2x Audio commentaries - City of Angels (co-creators Joss Whedon and David Greenwalt); Rm W/A Vu (co-writer Jane Espenson): Another Joss commentary! Rejoice! After the disappointment of none being included in the third series of Buffy, Mr Whedon makes a welcome return to the mike, with David Greenwalt along for the ride. The two bounce off each other superbly, and give what can only be described as truly engrossing commentary. We get their points of view on their creation for the pilot episode, full of admissions of John Woo obsessions, Batman rips and their love of blowing sets up that they wish to replace, and observations about how goatees ALWAYS mean trouble. All the fun stuff is interspersed with usually interesting information about cast, locations, production design and the joys of shooting a series mostly at night. Be warned though, it is rather spoilerific, so you may wish to come back to this after watching the entire first season. Meanwhile, Jane Espenson's sortie into commentary land may not be as engaging as the first, but is a must-listen for anybody with any interest in the art of screenwriting. She gives a great writer's perspective on things, most notably in the way of character development, and the differences between writing for Buffy and Angel. This also contains season one spoilers, so donít say you weren't warned!

Featurette - Season One: Only 11:24 in length, this full frame affair features interview snippets with actors David Boreanaz, Alexis Denisof (whose U.S. accent is rather off-putting), Elisabeth Rohm (Kate) and J. August Richards (Gunn); along with director James A. Contner and co-creator David Greenwalt, the latter of whom gets the most time. Really it's just the usual collection of sometimes interesting comments accompanied by scenes from the first series, and as such it contains spoilers for those that have not yet seen the entire season.

Angel Season One video trailer: A 51-second, full frame advertisement for the videos on the DVD. Enough said.

Art Gallery: The first of two sections here is a still gallery containing 46 piccies of the cast, plus many of the demons and other odd looking creatures from the first series (some in sketch form), all annoyingly framed by the word "Angel" repeated innumerable times. The second part consists of blueprints of many of the sets such as Angel's digs, Cordie's new apartment and the karaoke bar, which are generally rather hard to make out.

Biographies: Your pretty standard type bios on Joss Whedon, David Greenwalt, David Boreanaz, Charisma Carpenter, Glenn Quinn and Alexis Denisoff, giving character descriptions where appropriate, and "in real life" information.

The big mystery here is what happened to the outtakes reel? Some research indicates that just over four minutes of them were intended to appear on this disc (the BBFC has its uses on occasions), however although they are advertised both on a sticker plastered on the slipcase, and also on the back cover of the third disc itself, annoyingly they are not to be found here at all - and believe me, I employed all manner of jiggery-pokery in attempts to find them! Sadly this isnít the only example of sloppiness to be found in this set, either. The running times quoted on each disc are seriously amiss, the Somnambulist episode appears billed as Somnabulist in the menus on the third disc, and rather disturbingly it appears as if the wicked severing of the 'previously' segments that was cured with the third series of Buffy is back to haunt us, with none whatsoever appearing amongst these first eleven episodes.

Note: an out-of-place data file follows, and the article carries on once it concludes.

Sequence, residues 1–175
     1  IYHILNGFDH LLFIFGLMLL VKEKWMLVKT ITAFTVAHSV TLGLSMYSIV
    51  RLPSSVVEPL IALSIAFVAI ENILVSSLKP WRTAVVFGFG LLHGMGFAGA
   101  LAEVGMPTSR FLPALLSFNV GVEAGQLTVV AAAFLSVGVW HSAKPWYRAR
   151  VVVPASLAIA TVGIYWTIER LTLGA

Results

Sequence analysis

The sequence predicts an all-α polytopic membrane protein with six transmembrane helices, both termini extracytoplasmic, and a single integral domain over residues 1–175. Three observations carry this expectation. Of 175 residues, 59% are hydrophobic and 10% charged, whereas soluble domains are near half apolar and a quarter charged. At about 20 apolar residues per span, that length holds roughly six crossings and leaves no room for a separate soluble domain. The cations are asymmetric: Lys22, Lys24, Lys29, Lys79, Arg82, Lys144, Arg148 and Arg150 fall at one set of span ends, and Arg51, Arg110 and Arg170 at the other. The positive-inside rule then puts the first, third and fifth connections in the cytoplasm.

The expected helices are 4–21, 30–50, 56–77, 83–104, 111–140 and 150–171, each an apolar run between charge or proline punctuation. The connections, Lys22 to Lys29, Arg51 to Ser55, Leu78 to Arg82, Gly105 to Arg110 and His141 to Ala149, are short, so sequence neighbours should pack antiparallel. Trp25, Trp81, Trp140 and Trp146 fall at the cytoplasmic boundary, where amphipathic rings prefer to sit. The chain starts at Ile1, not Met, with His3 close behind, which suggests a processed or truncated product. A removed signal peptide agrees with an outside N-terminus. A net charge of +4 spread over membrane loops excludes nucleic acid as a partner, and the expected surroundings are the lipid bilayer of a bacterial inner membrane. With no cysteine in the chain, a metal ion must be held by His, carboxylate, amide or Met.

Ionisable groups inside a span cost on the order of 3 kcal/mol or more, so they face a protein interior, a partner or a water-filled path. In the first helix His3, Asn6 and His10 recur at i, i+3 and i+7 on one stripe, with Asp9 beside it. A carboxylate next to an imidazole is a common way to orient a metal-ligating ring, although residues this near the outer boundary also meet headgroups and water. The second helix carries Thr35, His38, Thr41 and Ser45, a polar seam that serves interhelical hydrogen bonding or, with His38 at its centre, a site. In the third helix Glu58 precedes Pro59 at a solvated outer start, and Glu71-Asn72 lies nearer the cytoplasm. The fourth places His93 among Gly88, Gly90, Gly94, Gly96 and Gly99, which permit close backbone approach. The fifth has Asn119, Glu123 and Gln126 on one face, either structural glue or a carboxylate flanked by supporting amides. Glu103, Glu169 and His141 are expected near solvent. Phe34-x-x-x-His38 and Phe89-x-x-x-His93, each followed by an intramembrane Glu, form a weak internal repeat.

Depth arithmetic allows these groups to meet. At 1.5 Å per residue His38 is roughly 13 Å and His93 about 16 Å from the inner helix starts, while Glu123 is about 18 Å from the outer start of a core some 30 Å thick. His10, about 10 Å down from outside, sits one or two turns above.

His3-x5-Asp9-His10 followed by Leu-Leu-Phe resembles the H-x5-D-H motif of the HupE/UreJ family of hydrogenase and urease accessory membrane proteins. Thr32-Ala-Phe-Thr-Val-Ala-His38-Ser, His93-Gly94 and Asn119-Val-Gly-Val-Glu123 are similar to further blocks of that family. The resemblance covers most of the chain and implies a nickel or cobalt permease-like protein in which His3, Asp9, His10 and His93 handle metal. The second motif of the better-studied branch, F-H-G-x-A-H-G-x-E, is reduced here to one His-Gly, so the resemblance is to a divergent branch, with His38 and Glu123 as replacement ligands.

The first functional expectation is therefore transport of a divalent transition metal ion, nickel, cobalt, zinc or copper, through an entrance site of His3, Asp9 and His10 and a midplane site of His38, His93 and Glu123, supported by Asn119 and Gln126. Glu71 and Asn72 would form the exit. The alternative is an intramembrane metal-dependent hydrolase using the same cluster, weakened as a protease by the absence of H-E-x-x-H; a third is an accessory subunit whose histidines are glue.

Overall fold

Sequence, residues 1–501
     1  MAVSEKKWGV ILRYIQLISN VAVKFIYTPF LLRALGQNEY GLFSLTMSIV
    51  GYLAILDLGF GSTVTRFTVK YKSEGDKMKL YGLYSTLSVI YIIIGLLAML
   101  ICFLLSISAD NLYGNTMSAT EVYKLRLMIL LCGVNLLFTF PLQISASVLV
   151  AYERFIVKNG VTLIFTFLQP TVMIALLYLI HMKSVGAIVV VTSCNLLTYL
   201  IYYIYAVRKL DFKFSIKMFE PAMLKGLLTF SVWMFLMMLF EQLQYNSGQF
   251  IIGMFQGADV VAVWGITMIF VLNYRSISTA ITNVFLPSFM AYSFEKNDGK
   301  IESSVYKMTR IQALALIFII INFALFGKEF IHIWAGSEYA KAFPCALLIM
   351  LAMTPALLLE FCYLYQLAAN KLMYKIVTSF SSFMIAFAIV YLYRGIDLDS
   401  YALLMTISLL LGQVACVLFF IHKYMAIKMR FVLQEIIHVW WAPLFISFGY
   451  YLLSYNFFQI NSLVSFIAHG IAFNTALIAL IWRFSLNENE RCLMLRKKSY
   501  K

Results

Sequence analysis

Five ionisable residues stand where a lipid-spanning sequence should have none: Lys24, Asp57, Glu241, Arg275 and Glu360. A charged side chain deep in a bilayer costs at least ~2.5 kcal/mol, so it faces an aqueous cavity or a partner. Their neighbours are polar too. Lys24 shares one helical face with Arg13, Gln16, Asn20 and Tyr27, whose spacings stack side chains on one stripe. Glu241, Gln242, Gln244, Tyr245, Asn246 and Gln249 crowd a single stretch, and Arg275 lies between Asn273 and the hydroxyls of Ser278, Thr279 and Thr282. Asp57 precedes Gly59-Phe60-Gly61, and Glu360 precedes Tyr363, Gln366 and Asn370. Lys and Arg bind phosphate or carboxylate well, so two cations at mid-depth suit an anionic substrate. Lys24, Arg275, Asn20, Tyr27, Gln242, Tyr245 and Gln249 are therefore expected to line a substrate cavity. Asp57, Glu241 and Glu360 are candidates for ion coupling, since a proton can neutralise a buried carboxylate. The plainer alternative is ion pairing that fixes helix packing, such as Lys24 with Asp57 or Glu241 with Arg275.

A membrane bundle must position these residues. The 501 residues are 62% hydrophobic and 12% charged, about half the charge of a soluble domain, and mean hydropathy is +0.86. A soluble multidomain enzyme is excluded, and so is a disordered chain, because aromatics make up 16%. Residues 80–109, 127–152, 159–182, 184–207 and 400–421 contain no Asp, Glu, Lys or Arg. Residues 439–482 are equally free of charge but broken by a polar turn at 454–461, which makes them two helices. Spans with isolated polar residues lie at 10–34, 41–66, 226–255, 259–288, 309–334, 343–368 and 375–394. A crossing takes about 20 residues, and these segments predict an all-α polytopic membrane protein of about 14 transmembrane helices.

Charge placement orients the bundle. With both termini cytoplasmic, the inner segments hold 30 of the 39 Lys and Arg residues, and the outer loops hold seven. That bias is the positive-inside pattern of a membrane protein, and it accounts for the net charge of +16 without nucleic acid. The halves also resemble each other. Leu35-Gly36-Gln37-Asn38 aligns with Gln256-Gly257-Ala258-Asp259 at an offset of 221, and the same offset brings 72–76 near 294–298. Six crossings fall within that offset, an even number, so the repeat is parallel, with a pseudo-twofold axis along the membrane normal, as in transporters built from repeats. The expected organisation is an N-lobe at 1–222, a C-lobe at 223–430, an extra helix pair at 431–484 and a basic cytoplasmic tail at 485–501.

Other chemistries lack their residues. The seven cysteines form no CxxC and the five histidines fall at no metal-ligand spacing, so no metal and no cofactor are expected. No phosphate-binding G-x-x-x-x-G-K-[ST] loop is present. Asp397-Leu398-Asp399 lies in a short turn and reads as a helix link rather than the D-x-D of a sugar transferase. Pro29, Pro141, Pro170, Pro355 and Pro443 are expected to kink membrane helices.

Overall  
Contract

Unlike the Buffy box sets released so far, a certain amount of extremely disappointing slip-shoddiness seems to have crept into the creation of this first release of Angel, the worst being the inexcusable use of full frame masters rather than releasing it in the aspect ratio it was created in. Whilst promises have been made that season two, and indeed Buffy season four onwards (which saw the first move away from full frame use) will come to us in their correct ratios, we'll most likely always be stuck with this inferior first release.

Ignoring this one massive let down, technically what we get is fine. The mostly dark settings of Angel come up quite divinely on DVD, and sound is serviceable. Extras are rather thin on the ground, however a Joss Whedon commentary always adds to the value considerably - if only more commentaries were as engaging as this!

As an adjunct to Buffy, Angel is quite the success, and a series that any fans of the former should lap up gleefully. It manages to skilfully take the vibe of its parent, tweak it appropriately for its new environs and main story motivation - that of Angel's quest for redemption - yet manages to remain true to the humour, depth of emotion and general must see-ness that we've become accustomed to after three seasons of the sheer brilliance of Buffy - even if there isnít much in the way of Spike!


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      And I quote...
    "As a series, any fans of Buffy should lap this up gleefully - as a DVD release though, much like Angel himself it has some serious issues..."
    - Amy Flower
      Review Equipment
    • DVD Player:
          Pioneer DV-535
    • TV:
          Sony 68cm
    • Receiver:
          Onkyo TX-DS494
    • Speakers:
          DB Dynamics Eclipse RBS662
    • Centre Speaker:
          DB Dynamics Eclipse ECC442
    • Surrounds:
          DB Dynamics Eclipse ECR042
    • Subwoofer:
          DTX Digital 4.8
    • Audio Cables:
          Standard RCA
    • Video Cables:
          Standard Component RCA